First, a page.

Your Weekly Jolt 🚀 Crew Dragon

YOUR WEEKLY JOLT  It’s clearly the right time to head into outer space. Saturday, SpaceX’s Crew Dragon lifted off from Cape Canaveral in Florida. 

Talk about social distance. The two astronauts are now sitting 400 kilometers above Earth, on the International Space Station, where they will remain for 4 months. 

Give us a little time to try and turn things around down here. Now for this week’s Jolt
 
HEATING OIL Prompt-month heating oil futures decreased 1.67% for the week ending Friday, 5/29, as prices fell $0.0164 per gallon.On the New York Mercantile Exchange, crude futures for delivery in June closed at $35.51 per barrel on Friday, 5/29, up 5.43% for the day, and up 6.83% for the week.Why So Crude? Crude oil prices rose again last week but edged lower on Monday, trading around $35 a barrel. Trading was mixed to start the week, with investors wary of taking positions ahead of a potential OPEC meeting to discuss extending record production cuts. Crude production by the Organization of Petroleum Exporting Countries dropped to its lowest level in two decades after a deal was reached in April to reduce output by 9.7 million barrels a day. The deal is scheduled to expire at the end of June, so OPEC and its allies may look to push their meeting forward from June 9-10th to this week. The Baker Hughes oil rig count showed that the number of active rigs in the U.S. decreased for the ninth straight week, going from 237 to 222.
 
GASOLINE & DIESEL U.S. regular gasoline prices increased by $0.08/gallon from the previous week to average $2.049/gallon.Gasoline prices are down $0.89/gallon from a year ago.U.S. on-highway diesel fuel prices decreased by $0.004/gallon from the previous week to average $2.390/gallon.Diesel prices are down $0.773/gallon from a year ago.Holding Steady. Since Monday, the national average for a gallon of regular gasoline has held steady at $1.96, which is $.04 higher than a week ago, $.20 more than a month ago and $.86 less than a year ago. According to new data from the EIA, demand grew from 6.8 million b/d to 7.3 million b/d last week. – AAA 
NATURAL GASPrompt-month natural gas futures decreased $0.009 for the week ending Friday, 5/29, to settle at $1.722/Dth.Overall supply decreased by 0.7 Bcf from the previous week. Total demand decreased by 0.4 Bcf.Natural gas exports in March 2020 were 496,866 million cubic feet, compared with 373,539 million cubic feet in March 2019. This is a 33.02% increase.Net injections into storage totaled 109 Bcf for the week ending 5/22, compared with the five-year average net injections of 93 Bcf and last year’s net injections of 110 Bcf during the same week.Working gas stocks totaled 2,612 Bcf, coming in 423 Bcf higher than the five-year average and 778 Bcf more than the year-ago level.Rally. Natural gas futures closed sharply lower last week. Losses could have been worse if not for a short-covering rally on Friday. The catalysts behind the selling pressure are rising U.S. storage inventories and U.S. export concerns. – FX Empire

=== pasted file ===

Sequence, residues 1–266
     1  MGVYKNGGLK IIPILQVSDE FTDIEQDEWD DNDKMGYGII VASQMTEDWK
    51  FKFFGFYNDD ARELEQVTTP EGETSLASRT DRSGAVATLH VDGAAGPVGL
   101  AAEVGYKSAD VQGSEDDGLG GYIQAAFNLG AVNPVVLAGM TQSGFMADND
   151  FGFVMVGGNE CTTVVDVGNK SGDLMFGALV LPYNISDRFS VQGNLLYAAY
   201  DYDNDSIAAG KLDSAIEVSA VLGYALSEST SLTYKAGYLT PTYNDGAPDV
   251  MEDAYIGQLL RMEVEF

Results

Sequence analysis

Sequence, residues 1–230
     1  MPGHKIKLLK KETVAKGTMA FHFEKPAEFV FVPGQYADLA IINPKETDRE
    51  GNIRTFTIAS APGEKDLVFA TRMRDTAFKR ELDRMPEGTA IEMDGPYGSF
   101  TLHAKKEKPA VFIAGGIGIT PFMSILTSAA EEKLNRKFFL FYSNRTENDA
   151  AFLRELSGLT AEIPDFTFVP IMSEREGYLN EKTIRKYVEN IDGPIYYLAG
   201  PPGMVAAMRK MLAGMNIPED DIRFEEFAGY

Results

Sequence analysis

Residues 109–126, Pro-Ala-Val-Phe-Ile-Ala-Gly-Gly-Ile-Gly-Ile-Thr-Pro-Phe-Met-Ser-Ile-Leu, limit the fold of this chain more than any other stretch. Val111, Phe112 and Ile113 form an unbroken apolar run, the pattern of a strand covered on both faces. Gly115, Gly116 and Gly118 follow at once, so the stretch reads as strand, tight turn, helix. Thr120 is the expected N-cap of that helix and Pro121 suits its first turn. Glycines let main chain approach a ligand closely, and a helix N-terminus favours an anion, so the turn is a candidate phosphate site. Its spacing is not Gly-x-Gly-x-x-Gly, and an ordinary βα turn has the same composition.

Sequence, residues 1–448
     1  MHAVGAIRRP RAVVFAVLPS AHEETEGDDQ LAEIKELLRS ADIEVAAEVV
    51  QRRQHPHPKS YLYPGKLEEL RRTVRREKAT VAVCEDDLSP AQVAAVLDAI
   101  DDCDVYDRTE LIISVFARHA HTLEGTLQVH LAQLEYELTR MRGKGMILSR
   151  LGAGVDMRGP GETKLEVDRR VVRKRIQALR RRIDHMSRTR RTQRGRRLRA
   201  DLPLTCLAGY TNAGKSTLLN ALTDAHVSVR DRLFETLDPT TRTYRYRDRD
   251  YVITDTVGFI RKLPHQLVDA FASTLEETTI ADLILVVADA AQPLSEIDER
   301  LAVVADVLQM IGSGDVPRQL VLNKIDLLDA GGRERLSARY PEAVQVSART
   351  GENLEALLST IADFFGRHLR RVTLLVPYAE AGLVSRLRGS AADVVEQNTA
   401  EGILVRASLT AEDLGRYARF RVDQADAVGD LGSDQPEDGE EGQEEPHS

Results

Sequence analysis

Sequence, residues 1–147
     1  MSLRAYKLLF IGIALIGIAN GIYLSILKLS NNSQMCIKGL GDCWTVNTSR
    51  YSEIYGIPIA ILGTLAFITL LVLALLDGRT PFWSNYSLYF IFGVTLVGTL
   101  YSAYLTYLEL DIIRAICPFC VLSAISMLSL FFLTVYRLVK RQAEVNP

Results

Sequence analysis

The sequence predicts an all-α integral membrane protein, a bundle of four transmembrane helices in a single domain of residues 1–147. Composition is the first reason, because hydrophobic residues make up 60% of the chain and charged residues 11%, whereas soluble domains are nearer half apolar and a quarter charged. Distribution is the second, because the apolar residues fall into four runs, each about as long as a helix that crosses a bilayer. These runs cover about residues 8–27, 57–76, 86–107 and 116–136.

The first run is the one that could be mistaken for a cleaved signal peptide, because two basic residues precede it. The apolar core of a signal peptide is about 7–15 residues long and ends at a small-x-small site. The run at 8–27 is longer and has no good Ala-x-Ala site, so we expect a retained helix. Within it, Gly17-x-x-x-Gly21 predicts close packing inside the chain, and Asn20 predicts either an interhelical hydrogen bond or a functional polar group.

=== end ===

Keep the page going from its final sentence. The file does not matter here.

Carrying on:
ELECTRICITY Average peak prices in NYC increased last week, rising $3.88 to $19.08 per MWh.Average peak prices in Central NY’s Zone C increased, rising $4.94 to $18.08 per MWh.Average peak prices in New Jersey’s PSE&G increased, rising $1.42 to $15.94 per MWh.Average peak prices in New Jersey’s ACE increased, rising $0.88 to $14.91 per MWh.Average peak prices in Pennsylvania’s PPL increased, rising $2.15 to $16.43 per MWh.Average peak prices in Maryland’s BGE increased, rising $9.37 to $29.16 per MWh.Calendar 2020 prices in NYC increased $0.07 per MWh, and Zone C prices decreased $0.09 per MWh.Calendar 2020 prices in PSE&G increased $0.20 per MWh, and ACE prices were flat.Calendar 2020 prices in PPL increased $0.18 per MWh.It’s Static. Static electricity is sometimes little more than a nuisance that causes clothing to unattractively cling in all the wrong places. But it can be much more detrimental. Learn how to mitigate potential hazards. – OHS 
TECHNOLOGY 
Image: The Verge
The New Kind Of Rocketship. Nearly two hours after NASA astronauts Bob Behnken and Doug Hurley became the first astronauts launched to space on a privately-owned rocket, they also became the first to pilot a spaceship using only touchscreen controls. – The Verge

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